In early 2018, Google made a few changes to the way Image Search works, the biggest tweak being the removal of the “View Image” button they would take you straight to the image’s URL. Now, all you see is “Visit”, which navigates to the page on which the image appears. So, why did Google do this? A legal settlement with Getty Images basically.
Danny Sullivan, Google’s public search liaison, tweeted about the change back in February 2018:
Today we're launching some changes on Google Images to help connect users and useful websites. This will include removing the View Image button. The Visit button remains, so users can see images in the context of the webpages they're on. pic.twitter.com/n76KUj4ioD— Google SearchLiaison (@searchliaison) February 15, 2018
When asked for the reasoning, he followed up with this response:
For those asking, yes, these changes came about in part due to our settlement with Getty Images this week (see also https://t.co/a5uFldOcih). They are designed to strike a balance between serving user needs and publisher concerns, both stakeholders we value.— Google SearchLiaison (@searchliaison) February 15, 2018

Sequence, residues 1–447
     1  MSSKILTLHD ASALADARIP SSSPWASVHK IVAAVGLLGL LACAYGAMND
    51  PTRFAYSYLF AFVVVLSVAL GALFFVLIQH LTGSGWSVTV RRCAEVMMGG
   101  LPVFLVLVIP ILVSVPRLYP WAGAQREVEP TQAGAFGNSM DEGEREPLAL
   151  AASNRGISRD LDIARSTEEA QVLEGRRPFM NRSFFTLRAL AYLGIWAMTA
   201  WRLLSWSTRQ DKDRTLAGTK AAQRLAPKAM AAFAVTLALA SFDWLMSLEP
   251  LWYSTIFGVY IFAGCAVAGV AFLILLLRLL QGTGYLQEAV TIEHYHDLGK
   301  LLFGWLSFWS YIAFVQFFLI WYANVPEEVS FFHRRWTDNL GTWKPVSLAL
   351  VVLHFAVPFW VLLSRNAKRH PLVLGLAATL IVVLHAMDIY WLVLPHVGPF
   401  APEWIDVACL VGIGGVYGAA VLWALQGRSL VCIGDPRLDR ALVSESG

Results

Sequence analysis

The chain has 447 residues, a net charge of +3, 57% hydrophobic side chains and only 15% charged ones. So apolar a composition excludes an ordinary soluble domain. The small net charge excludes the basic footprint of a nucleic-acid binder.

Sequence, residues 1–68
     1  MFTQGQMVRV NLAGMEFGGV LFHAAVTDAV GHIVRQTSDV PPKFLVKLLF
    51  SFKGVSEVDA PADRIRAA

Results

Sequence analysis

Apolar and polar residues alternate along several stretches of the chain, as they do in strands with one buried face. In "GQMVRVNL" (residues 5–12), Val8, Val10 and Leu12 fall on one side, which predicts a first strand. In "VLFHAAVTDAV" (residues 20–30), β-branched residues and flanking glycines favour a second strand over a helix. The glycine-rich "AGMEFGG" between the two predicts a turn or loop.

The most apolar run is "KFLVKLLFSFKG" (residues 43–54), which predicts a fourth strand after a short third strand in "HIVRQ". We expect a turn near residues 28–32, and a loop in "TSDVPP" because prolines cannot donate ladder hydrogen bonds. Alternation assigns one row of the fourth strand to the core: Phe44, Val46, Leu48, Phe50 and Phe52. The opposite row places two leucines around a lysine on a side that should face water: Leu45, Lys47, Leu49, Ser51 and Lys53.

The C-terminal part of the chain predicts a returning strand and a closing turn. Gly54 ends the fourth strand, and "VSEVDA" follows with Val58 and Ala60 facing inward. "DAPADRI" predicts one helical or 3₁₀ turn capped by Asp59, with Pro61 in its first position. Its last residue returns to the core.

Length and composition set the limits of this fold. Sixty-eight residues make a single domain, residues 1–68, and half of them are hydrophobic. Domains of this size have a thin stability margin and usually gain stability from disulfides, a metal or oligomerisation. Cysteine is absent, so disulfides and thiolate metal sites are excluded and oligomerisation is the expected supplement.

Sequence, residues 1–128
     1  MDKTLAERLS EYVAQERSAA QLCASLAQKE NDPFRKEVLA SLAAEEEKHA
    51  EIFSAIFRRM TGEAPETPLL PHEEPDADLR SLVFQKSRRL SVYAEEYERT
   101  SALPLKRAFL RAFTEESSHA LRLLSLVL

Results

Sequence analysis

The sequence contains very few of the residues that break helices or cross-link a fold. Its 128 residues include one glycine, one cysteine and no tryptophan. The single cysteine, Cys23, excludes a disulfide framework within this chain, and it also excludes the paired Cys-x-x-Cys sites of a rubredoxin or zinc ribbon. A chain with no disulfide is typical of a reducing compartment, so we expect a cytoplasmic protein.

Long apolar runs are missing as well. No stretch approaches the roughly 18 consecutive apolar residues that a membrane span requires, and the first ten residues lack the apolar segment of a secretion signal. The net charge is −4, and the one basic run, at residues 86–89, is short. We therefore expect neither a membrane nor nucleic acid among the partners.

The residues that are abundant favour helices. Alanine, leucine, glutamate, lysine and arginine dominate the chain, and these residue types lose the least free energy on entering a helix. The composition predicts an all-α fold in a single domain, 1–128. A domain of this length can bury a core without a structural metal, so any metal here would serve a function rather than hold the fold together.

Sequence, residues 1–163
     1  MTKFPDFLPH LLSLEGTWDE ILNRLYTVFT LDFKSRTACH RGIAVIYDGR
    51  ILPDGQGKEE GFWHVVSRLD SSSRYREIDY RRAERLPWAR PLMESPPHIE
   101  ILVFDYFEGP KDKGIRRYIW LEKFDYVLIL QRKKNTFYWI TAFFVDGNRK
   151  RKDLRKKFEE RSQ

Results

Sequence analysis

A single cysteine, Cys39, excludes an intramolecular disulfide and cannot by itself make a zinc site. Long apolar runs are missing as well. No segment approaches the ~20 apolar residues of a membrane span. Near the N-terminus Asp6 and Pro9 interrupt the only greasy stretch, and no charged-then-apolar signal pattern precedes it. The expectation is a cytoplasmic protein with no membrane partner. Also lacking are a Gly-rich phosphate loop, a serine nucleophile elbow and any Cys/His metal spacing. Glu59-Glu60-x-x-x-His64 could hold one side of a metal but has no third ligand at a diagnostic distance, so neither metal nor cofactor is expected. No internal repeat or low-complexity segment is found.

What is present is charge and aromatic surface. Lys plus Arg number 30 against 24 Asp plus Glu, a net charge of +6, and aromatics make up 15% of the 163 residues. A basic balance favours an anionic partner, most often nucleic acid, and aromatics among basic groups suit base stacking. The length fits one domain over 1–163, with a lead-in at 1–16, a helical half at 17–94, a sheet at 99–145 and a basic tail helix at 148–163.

The “View Image” button wasn’t the only casualty; with Sullivan mentioning the demise of “Search by Image”. He clarified however that reverse image search is still available, you just can’t shortcut it any more when browsing search results.
Of course, killing “View Image” didn’t stop anyone who wanted the direct URL: it’s a simple matter of right-clicking the image and selecting “Open in new window / tab”, or whatever equivalent in your browser of choice, which does the same thing.
Oh well, whatever placates Getty I guess.
This article was originally published in February 2018.